Microsoft Equation Editor contains a stack buffer overflow, which can allow a remote, unauthenticated attacker to execute arbitrary code on a vulnerable system.
Microsoft Equation Editor is a component that comes with Microsoft Office. It is an out-of-process COM server that is hosted by eqnedt32.exe. The Microsoft Equation Editor contains a stack buffer overflow vulnerability.
Memory corruption vulnerabilities in modern software are often mitigated by exploit protections, such as DEP and ASLR. More modern memory corruption protections include features like CFG. Even in a modern, fully-patched Microsoft Office 2016 system, the Microsoft Equation Editor lacks any exploit protections, however. This lack of exploit protections allows an attacker to achieve code execution more easily than if protections were in place. For example, because eqnedt32.exe was linked without the /DYNAMICBASE flag, it will not be loaded at a randomized location by default.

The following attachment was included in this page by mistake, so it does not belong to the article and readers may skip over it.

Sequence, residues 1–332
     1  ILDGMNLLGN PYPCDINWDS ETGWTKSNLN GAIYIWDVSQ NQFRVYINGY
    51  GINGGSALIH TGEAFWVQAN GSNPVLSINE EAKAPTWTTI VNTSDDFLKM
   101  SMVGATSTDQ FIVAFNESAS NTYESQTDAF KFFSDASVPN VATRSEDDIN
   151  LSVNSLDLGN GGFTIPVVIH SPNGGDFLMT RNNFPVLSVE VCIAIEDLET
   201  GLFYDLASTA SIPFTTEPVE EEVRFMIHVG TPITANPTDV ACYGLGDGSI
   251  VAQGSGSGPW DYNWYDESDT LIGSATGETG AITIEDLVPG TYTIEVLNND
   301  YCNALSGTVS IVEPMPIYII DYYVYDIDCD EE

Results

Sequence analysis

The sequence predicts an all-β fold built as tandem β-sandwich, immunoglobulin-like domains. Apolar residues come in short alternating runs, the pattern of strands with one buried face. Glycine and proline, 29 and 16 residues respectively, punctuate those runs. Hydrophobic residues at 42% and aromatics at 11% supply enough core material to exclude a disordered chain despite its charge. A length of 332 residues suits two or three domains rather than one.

By convincing a user to open a specially-crafted Office document, a remote, unauthenticated attacker may be able to execute arbitrary code with the privileges of the logged-on user.
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This issue was reported by Microsoft, who in turn credit Denis Selianin of Embedi with discovery.
This document was written by Will Dormann.
|Date First Published:||2017-11-15|
|Date Last Updated:||2017-11-20 20:03 UTC|